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Realhabilitation

I like to talk about the psychological lack of care you find in slum environments viz the sanitation issues, inhumane living conditions, poverty challenges, and acts of government corruption. These things give you every reason to lose hope and resign from participating in your life constructively and morally. What's the point when so many challenges are stacked up against you?

This creates a vicious cycle. When people stop caring, their environment gets worse because they don't feel inspired to take care of it. When the environment gets worse, you have even less reason to care and so on, until something hits a breaking point.

How do you inspire people to care when they have every reason not to?

Crime as Coping Strategy

Kitui Ndogo is a slum near the city center of Nairobi, Kenya where we built 1,000 ft. of drainage trenches last year that solved a hazardous, open sewer situation that was endangering the lives of 6,000 people.

Sanitation is just one of the many challenges there. The slum also has thousands of children not receiving any education, ensuring future generations of poverty, and it also deals with significant crime related issues.

Crime (robberies mostly) in this area, by in large, stems from lack of education, lack of employment, a family to feed, and little hope that circumstances will improve. It is a systemic issue, more than a personal one.

I'm not sure what I would do if I'm living in a filthy slum, in a tiny room with several family members, eating once or twice in a day, and on the receiving end of corruption from the same government ministers who are supposed to be helping me out. Crime becomes an act of desperation when survival is threatened and the human spirit breaks.

In most cases, individual punishment as a means of rehabilitation, will not work out because you are not addressing the root cause of what caused the perpetrator to do what he or she did.

Something to Believe In

I didn't know this at the time but our drainage trenches were constructed by a few members of a criminal gang in Kitui Ndogo—a gang being watched by the police and targeted for recruitment by the terrorist group Al-Shabaab. As it turns out, the project radically transformed the lives of these individuals.

Chryspin Afifu, my project partner from the NGO, CEPACET, writes:

“This project became an eye opener. The youths collectively yearned for a decent livelihood free from danger. They realized Kitui Ndogo was their home and they must participate actively in keeping it clean. The frequent meetings they held to discuss about the trenches they dug bound them together ... and a number of circumstances weighed down upon them to rethink their lives.”

Jared Akama Ondieki, Exec. Director of CEPACET, writes:

“The project has addressed the issue of crime by creating employment for the criminal gang in the area. The residents decided to give 10 shillings/household to the youths in the gang to clean the trenches. By creating employment like this, those who were involved in the cleaning of the trenches, have left crime. They now envision to expand their efforts and include others.”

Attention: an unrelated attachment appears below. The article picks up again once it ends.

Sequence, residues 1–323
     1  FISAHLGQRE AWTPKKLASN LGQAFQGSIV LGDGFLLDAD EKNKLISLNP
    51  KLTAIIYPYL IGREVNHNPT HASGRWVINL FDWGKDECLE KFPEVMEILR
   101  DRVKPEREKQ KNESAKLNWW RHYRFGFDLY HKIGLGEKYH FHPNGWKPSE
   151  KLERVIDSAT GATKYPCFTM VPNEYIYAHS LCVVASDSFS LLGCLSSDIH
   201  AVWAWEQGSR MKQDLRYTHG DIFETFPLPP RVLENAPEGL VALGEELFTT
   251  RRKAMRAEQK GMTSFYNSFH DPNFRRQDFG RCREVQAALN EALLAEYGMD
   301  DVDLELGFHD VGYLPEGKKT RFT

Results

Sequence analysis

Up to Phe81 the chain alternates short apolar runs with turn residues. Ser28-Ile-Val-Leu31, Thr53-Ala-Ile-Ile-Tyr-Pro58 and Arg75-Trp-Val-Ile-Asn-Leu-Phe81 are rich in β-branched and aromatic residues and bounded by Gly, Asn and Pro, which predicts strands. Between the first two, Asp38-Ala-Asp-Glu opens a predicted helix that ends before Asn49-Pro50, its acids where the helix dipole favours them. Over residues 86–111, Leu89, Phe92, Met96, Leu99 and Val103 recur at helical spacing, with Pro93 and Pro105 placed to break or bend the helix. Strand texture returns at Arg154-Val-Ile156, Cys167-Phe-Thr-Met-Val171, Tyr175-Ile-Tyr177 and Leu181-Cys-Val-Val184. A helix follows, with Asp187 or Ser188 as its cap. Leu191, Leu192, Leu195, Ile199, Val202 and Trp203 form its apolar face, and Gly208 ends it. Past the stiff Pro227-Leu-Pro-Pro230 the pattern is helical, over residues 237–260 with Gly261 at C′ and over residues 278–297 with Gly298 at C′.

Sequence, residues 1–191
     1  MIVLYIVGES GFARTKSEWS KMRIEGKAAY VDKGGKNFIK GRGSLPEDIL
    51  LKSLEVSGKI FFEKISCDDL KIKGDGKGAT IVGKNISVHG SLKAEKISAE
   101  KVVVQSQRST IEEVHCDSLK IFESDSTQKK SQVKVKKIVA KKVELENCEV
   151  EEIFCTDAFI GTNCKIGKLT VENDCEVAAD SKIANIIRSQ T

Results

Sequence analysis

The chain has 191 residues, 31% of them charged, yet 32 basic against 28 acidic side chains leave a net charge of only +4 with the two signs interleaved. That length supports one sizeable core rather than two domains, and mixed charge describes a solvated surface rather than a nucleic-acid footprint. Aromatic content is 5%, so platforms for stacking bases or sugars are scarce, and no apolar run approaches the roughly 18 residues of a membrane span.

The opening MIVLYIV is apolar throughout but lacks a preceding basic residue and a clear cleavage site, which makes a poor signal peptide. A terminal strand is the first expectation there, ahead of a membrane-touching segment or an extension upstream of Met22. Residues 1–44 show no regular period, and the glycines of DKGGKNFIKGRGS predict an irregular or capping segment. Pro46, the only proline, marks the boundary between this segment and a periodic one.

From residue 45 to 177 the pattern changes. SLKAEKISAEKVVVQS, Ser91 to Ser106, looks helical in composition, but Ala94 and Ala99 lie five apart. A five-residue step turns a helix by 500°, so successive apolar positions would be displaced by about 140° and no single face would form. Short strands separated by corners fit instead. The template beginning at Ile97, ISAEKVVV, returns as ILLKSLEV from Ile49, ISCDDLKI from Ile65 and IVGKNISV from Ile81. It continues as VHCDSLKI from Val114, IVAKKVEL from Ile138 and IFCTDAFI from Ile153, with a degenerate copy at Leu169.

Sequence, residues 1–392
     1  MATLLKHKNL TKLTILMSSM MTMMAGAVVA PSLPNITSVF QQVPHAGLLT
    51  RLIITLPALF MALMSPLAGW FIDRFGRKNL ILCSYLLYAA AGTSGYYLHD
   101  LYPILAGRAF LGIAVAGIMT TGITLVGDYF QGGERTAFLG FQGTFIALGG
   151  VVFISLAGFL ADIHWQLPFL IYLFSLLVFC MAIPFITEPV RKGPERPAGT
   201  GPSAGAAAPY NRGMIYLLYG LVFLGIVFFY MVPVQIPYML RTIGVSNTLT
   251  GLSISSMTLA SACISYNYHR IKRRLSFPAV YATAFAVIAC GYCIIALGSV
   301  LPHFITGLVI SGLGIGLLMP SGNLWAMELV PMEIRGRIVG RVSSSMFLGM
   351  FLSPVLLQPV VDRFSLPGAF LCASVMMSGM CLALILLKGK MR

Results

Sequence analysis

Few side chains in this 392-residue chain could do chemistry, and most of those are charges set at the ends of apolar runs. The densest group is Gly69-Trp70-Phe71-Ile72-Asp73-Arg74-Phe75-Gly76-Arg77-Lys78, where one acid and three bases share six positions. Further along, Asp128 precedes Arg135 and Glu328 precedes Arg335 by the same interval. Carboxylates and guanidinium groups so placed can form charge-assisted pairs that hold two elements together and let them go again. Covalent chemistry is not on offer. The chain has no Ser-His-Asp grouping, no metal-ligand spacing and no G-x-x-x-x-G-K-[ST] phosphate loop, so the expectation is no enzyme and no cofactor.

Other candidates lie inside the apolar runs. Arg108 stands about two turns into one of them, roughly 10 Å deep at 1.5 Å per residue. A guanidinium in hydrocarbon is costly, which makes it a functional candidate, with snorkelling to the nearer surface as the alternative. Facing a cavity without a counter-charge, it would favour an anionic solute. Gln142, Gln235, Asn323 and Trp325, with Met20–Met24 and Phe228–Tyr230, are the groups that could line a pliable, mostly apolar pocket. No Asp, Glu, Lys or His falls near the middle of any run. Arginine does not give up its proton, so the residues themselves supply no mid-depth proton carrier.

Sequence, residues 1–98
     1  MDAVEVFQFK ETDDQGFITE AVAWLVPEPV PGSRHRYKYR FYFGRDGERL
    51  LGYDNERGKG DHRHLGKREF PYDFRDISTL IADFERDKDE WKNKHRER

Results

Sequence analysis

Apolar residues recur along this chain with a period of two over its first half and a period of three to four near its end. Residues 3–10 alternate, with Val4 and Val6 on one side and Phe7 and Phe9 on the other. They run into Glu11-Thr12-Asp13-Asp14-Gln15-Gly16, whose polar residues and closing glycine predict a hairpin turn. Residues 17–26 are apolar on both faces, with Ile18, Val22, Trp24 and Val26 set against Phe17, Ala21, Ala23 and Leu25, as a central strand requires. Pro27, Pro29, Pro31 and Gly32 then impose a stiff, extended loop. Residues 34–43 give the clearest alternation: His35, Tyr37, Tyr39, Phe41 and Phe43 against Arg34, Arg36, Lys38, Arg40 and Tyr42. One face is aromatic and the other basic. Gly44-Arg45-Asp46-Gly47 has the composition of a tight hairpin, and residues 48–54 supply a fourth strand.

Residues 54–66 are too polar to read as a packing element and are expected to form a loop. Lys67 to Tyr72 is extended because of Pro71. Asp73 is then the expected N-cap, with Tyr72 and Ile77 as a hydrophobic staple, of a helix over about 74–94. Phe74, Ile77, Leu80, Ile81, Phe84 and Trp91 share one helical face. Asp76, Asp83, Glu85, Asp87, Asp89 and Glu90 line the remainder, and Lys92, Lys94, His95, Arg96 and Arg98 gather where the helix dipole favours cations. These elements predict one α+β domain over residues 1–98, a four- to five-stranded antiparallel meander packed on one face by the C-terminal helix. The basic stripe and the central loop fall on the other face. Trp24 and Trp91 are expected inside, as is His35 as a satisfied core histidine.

In other words, this project, which had a very special spirit to it, inspired the members of the gang — youths involved in crime, youths being targeted by police and a notorious terrorist group for recruitment — to care.

They ended up taking charge of the daily maintenance and cleanliness of the trenches, which led to residents paying them for their work. With this new inspiration, desire to serve, and steady income, the members had more than enough reasons to give up their criminal ways.

The sewage project gave these individuals a meaningful story to believe in — despite their environmental and financial challenges — which is exactly what's needed if we are interested in real rehabilitation and transformation.

And just so you know, none of us who were involved with the conceiving of the project, could have imagined this happening. It's one of those "ripple effects" I talk about or unexpected goodness.

Generation Know Yourself (G-Jue)

Members of G Jue at work in Kitui Ndogo.

Members of G Jue at work in Kitui Ndogo.

The former members of the gang (some pictured above, cleaning one of the trenches) call their new group G-Jue. G stands for generation and Jue means know yourself in Kiswahili.

It's a name I might have recommended if I were in Nairobi but I had nothing to do with it. It's an astounding choice of terms, I thought, considering where these guys (and some gals) come from.

G-Jue will no doubt be involved with the construction of the Malezi School, the next project we have planned for this community. They will serve as role models and mentors for all the students we expect to graduate, demonstrating you do not need to choose lives of crime and that you can still care when there are many reasons not to.

This spirit, we believe, will begin to transform Kitui Ndogo, sustainably, from the inside-out over time.

On the grassroots level, we can't fully solve the reality of living in poverty and the limitations that creates. However, we can shift the attitude and belief systems around it, which, arguably, is the more important — definitely more challenging — task.

With a shift in attitude and character, you leave room for the individual to find their own solution for improving their own circumstances.

Continue to next update about G-Jue.